"So, how was the wedding last weekend?" my workmate asked. It was my sixth wedding in four months, the last I was invited to for this season.
"Was really good," I shared. "Just a beautiful wedding, such perfect weather, and I actually got teary at this one for once," I laughed.
"What made you cry at this one?"
I had been asking myself that all weekend because, honestly, I never thought I'd be one of those crying wedding guests. It's not really me. The six different weddings I had attended involved various degrees of friends I grew up with and family friends I had known for years. Yet, I didn't shed a tear until the sixth wedding. What made this different?
It was an early wake-up flying from Auckland to Dunedin, then getting a rental car to drive an hour up north, travelling by my lonesome into the serious countryside. Normally I enjoy driving by myself with the radio blaring - but while it was a picturesque drive, I wished I had company.
By the time I got to my destination, it wasn't even midday, yet I almost felt I had been travelling for days. I happened to bump into my friends/the bridesmaids who had also flown into this small town, and in turn, I got to see the bride at the salon they were all getting ready in.
While I hadn't seen my friend (The Bride) in a good 4-5 years, we caught up as if life were just the same (except for the whole "getting married that afternoon" thing). We had lunch, we had some good chats, then I left them to get ready for the wedding. For me, I was in a new town, a new half of the country, surrounded by different people, but yet it all felt comfortable. It was odd.
It was only as I stood in at the wedding location, in a field alone surrounded by strangers (my partner was still in Auckland) that I finally felt like "this is a wedding".
I hope my friend, the bride who say she reads my blogs (this will be the test!) doesn't mind me sharing these details. But within the half hour or so that was her wedding ceremony, my feelings were caught up with so many emotions, it was an unexpected surprised that I couldn't rationalise at the time.
I sat alone at this wedding, picking the third row closest to the aisle. Watching the only friends I knew in this small town walk down the aisle as the pretty bridesmaids, I try not to grin too much like an idiot. When you're a bridesmaid, everyone is staring at you, but no one definitely cares about you because you're not the bride. I've been there, I get that.
The sky is cloudless as the late sun warms against the cool fresh breeze, circling around this flat grassy field. Everyone's turned to look down the aisle for the bride to make her entrance. Traditionally, the father of the bride walks her down the aisle, but since he wasn't at the wedding, her mum took her hand and walked her down.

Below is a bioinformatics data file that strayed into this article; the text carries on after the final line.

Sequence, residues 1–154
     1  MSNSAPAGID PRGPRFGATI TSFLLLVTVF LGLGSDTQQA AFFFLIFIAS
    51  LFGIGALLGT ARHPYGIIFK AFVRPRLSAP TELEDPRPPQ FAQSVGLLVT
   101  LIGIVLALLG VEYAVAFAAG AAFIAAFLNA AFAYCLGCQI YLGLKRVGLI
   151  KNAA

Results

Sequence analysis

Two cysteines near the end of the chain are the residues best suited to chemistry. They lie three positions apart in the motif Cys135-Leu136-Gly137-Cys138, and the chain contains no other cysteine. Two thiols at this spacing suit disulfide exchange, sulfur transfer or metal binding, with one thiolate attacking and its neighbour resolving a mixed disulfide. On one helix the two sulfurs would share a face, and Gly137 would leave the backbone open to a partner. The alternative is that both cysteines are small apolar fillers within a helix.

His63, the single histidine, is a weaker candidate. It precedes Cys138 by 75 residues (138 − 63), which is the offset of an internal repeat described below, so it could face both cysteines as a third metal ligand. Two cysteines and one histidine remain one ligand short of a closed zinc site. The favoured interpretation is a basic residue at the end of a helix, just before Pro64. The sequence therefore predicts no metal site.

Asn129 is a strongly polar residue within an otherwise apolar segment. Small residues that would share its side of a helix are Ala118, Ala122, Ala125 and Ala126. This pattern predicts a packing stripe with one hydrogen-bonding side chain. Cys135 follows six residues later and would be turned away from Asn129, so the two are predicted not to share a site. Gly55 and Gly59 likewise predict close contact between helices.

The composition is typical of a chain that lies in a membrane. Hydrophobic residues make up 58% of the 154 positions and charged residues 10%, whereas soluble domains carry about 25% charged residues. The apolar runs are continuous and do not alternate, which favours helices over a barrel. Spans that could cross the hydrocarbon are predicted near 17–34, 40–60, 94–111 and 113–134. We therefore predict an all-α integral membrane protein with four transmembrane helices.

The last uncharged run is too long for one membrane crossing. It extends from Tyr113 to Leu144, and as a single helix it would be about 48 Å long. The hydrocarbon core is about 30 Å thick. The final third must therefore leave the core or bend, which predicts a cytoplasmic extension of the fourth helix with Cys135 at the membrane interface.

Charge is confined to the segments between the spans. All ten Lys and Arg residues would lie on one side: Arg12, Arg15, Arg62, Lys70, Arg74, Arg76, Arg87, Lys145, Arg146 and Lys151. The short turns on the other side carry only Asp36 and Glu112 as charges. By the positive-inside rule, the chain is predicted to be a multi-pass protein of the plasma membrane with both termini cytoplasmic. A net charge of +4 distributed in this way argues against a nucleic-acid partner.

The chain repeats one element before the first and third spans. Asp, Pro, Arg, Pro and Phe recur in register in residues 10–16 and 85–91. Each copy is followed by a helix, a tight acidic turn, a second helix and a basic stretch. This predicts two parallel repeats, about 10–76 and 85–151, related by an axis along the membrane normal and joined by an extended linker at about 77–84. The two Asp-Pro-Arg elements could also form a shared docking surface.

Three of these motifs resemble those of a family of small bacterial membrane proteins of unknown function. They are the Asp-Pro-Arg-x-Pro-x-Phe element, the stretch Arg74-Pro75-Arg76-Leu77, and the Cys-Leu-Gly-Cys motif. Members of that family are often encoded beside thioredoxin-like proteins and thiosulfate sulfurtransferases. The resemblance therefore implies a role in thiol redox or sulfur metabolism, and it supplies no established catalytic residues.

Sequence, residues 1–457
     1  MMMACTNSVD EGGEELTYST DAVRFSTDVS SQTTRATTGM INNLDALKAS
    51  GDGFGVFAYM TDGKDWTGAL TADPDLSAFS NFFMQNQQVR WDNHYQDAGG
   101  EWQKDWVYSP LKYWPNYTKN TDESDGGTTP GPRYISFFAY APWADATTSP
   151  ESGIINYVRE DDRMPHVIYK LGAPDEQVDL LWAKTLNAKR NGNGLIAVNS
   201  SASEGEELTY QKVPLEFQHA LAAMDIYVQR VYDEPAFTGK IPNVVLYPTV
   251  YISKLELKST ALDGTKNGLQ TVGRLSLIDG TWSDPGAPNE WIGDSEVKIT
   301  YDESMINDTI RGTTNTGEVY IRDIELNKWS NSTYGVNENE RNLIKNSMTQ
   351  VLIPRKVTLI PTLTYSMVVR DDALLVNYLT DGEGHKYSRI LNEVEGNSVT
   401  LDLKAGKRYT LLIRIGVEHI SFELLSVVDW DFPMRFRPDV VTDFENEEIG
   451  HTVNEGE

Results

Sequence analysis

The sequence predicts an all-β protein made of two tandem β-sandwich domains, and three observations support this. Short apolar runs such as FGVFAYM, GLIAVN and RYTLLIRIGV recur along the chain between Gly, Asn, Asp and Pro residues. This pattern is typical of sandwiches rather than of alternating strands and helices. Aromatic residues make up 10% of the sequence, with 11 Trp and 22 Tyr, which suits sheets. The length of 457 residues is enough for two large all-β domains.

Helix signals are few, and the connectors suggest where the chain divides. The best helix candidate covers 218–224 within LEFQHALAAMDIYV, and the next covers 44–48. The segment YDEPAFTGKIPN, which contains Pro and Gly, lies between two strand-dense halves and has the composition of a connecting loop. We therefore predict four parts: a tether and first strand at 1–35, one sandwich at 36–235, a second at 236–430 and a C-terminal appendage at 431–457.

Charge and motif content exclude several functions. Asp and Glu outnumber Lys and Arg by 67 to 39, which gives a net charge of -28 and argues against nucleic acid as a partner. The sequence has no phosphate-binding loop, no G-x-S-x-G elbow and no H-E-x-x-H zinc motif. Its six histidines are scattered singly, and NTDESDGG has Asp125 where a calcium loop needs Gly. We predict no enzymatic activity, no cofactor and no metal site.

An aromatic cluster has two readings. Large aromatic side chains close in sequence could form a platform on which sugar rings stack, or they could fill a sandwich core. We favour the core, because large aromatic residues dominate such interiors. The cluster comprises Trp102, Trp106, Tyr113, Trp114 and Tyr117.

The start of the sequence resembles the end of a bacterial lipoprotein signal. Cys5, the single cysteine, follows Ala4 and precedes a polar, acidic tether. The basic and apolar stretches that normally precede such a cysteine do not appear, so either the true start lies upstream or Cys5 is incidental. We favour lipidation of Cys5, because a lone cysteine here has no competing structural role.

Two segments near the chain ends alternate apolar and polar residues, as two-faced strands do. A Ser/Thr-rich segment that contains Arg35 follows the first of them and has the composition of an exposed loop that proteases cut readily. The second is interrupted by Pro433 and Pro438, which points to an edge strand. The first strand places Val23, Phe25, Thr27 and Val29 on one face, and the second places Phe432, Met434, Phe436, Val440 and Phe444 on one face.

They look at each other before they take their first steps, smiling at each other as they semi-dance/walk hand-in-hand together on the aisle. Suddenly, a flood of emotions takes me by surprise and catches my eye.
It's the moment they exchanging gazes, their silent messages worth a thousand words that only they could translate. I saw the love of a mother and daughter taking the next big steps - that the bride was to start a new family with a new name, and that her mum was leading her there. As a teenager, seeing them together was familiar, but watching them today take these steps made the realities of a white dress and growing up hit home.
As I stood alone as a spectator and a guest, with all my attention on them - I had to keep wiping away the tears. And just when I thought all the emotion was over, and the couple shared their first kiss, the tears started again the moment I congratulated the bride's mum. In some ways, I felt ridiculous, since no one in this town knew my name and yet I was the teary Auckland girl in the third row with mascara and eyeliner smudging over my face.
The rest of the wedding went by as relatively normal as you could expect. However, what I realised reflecting back on it, it wasn't necessarily a nostalgic, or melancholic reaction to cry at a wedding. But it was defined in a simple moment, that summed up a lifetime of growing up and moving forward. Here's not to say that it didn't happen at the other five weddings I attended, but I don't think I noticed it as strongly as I did in that one look between a bride and her mother. It was beautiful, and in those few seconds did I finally get the emotion of a wedding ceremony.